53 years after the Nigerian-Biafran war, old wounds have not healed. The consequences of the violence and hate born during the war between the Easterners and their fellow Nigerians have not died out completely. Many hearts are still hurting. Many souls are still troubled. Many born after the war are looking for answers to their questions.
The Nigerian Government has left many questions unanswered. It has failed to render an apology for the massacre and pogrom orchestrated against the Igbo race before and during the civil war. It has failed to explain why it was so much engrossed in a genocide against a people who had contributed so much to the growth and development of Nigeria.
The anti-Igbo pogrom in 1966 left thousands of Igbos dead and seriously injured. About 30,000 Igbos were rounded up and slaughtered by irate youths and Muslim mobs.
What’s more striking in that event is that the Nigerian army actually led the slaughter.
Ethnomusicologist Charles Keil, who was visiting Nigeria in 1966, recounted, “The pogroms I witnessed in Makurdi, Nigeria (late September 1966) were foreshadowed by months of intensive anti-Ibo and anti-Eastern conversations among Tiv, Idoma, Hausa and other Northerners resident in Makurdi, and, fitting a pattern replicated in city after city, the massacres were led by the Nigerian army. Before, during and after the slaughter, Col. Gowon could be heard over the radio issuing ‘guarantees of safety’ to all Easterners, all citizens of Nigeria, but the intent of the soldiers, the only power that counts in Nigeria now or then, was painfully clear. After counting the disembowelled bodies along the Makurdi road I was escorted back to the city by soldiers who apologised for the stench and explained politely that they were doing me and the world a great favour by eliminating Igbos.”
Frederick Forsyth in his book ‘The Biafra Story’, noted that “the police and army not only joined in but in many cases actively led the killing gangs, spearheading the looting of the victims’ properties and the raping of their womenfolk.”
The role of the Nigerian army and police in the horrendous despatching of citizens of eastern origin cannot be doubted nor can it be forgotten. But to date the Nigerian government has not tendered an official apology to the Igbos for the war crimes committed against them. Nobody has been brought to book. Nobody has been arrested. In fact officers who led the slaughter are now paraded as heroes instead of criminals.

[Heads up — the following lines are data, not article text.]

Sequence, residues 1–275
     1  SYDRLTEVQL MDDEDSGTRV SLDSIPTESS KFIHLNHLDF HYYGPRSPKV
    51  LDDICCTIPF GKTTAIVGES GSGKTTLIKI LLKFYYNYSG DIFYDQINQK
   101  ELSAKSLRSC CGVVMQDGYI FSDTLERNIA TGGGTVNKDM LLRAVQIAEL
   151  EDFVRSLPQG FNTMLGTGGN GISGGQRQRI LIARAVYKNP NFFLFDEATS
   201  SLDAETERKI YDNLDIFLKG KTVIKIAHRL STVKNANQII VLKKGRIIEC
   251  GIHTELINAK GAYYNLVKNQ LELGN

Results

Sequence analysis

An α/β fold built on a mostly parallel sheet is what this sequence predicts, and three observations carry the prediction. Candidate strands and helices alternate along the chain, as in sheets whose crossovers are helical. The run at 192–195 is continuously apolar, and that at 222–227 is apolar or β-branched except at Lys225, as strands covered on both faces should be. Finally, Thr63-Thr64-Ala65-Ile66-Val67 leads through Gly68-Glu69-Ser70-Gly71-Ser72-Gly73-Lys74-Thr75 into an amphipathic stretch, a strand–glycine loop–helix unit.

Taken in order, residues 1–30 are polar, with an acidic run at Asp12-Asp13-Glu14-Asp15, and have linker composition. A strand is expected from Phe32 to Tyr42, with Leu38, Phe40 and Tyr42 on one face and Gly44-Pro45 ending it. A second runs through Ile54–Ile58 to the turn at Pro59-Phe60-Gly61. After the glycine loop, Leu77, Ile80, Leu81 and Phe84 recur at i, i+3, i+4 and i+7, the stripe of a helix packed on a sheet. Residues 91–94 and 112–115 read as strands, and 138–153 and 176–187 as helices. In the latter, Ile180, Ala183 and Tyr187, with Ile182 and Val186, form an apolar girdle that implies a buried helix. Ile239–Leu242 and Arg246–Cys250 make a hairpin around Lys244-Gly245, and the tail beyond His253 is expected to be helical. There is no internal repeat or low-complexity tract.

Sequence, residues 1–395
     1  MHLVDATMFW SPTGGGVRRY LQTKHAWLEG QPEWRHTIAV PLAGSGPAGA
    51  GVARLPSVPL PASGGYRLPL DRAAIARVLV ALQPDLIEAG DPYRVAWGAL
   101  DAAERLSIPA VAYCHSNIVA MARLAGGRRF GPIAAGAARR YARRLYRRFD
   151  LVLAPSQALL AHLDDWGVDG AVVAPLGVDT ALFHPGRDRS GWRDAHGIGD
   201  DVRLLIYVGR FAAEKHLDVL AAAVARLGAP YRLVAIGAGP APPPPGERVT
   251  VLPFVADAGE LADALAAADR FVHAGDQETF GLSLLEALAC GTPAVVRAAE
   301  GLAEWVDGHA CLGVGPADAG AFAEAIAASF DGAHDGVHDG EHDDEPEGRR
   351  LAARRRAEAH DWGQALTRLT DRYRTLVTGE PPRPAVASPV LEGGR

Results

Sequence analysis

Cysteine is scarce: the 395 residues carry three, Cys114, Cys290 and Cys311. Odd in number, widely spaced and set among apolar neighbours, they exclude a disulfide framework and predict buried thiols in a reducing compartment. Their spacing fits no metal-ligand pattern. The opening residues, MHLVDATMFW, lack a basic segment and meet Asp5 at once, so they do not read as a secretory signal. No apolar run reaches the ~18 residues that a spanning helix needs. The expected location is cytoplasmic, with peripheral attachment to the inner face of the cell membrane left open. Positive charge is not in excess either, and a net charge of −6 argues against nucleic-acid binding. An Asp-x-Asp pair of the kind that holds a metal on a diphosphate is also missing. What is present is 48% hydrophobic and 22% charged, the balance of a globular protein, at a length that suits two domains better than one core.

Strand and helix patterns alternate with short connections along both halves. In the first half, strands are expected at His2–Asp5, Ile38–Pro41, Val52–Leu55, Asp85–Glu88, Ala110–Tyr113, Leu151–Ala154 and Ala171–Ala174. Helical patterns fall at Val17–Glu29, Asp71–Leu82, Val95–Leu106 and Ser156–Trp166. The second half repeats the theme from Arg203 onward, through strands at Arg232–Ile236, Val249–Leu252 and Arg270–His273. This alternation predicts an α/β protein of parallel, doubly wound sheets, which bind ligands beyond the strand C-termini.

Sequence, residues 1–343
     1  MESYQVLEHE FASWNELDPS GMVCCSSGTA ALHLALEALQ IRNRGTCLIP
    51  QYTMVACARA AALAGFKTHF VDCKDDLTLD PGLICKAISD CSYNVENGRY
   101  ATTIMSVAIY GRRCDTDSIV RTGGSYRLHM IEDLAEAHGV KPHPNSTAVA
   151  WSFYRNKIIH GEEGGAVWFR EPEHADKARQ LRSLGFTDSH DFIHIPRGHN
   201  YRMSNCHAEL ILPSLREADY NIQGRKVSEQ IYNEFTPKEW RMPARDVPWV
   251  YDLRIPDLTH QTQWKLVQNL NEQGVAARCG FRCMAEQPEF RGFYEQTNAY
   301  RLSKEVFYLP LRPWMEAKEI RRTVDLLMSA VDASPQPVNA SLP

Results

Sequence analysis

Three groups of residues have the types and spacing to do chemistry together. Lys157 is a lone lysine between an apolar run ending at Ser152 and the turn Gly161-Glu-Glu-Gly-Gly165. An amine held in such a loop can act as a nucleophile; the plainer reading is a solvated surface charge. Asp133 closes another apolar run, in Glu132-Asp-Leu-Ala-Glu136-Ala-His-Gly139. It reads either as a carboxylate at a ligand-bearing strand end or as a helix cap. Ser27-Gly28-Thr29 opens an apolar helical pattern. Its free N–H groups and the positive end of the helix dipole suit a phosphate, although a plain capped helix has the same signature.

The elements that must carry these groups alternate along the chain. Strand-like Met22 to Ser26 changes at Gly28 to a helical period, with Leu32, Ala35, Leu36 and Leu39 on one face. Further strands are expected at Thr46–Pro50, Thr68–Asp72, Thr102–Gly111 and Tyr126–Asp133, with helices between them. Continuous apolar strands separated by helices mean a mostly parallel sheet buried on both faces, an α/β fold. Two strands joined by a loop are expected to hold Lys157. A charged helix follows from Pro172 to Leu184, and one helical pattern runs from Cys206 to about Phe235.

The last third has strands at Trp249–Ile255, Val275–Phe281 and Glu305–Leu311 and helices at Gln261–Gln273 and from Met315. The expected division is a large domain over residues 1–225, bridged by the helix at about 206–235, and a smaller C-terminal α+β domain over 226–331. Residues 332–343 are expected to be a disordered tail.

The immediate precursor to the massacres was the January 1966 Nigerian coup d’état led mostly by young Igbo officers. But this does not justify why thousands of Igbos had to pay for the sins of a few. This does not justify why the government had to play the blind eye while thousands of Igbos were murdered.
The civil war that ensued shortly after the pogrom displayed the barbarity of the Nigerian Government. Rather than targeting the so-called rebels the army chose to pour down fury on innocent Easterners. A typical example is the Asaba Massacre. Scores of young men were gunned down after being called to a briefing in an open square. It is estimated that more than 700 men and boys were killed, some as young as 12 years old. To date no one has been questioned or arrested for war crimes committed against Asaba people.
The blockade slammed on Easterners proved to be more disastrous than bombs and bullets. The defunct Biafra was cut out from the rest of the world and 3 million people died of hunger. These were not “rebels”. They were ordinary citizens.
Biafra was born on the 30th of May. This date not only serves as a memorial for the birth of Biafra, it infuses pain and questions in the minds of those whose people were pummelled to the dust because of Biafra. Until the government apologize to the Igbo people I see no reason why we should call Nigeria a united nation. Where is the unity and sense of patriotism? Can a people whose ancestors were butchered and traumatized be patriotic to Nigeria?
Most of the key actors in the civil war are still alive. Personalities like Yakubu Gowon and Olusegun Obasanjo still have breath in their nostrils. They should come down from their horses and explain why the government was silent when the Igbo race was being decimated. Gowon should apologise for turning a blind eye when thousands of Igbos were killed under his watch.
Femi Fani-Kayode in his article ‘A Morning of Horror and The Slaughter of Igbos’, writes, “To those that want the Igbo to forget the past and to stay in Nigeria despite their suffering, anguish, pain and sorrow I suggest that the best way of convincing them to do so is to stop the hate, the lies, the historical revisionism, the insensitivity, the bullying, the cheating, the ethnic cleansing, the mass murder, the genocide, the Islamisation, the Fulanisation, the callousness, the attempt to dehumanise and enslave and the deceit and instead to show them love, compassion and understanding.
“Make them feel like equals with other Nigerians and prove to them that Nigeria has much more to offer them than the usual empty promises and vain hopes of a better tomorrow and the ephemeral and deceptive illusion of perhaps one day achieving the Presidency.”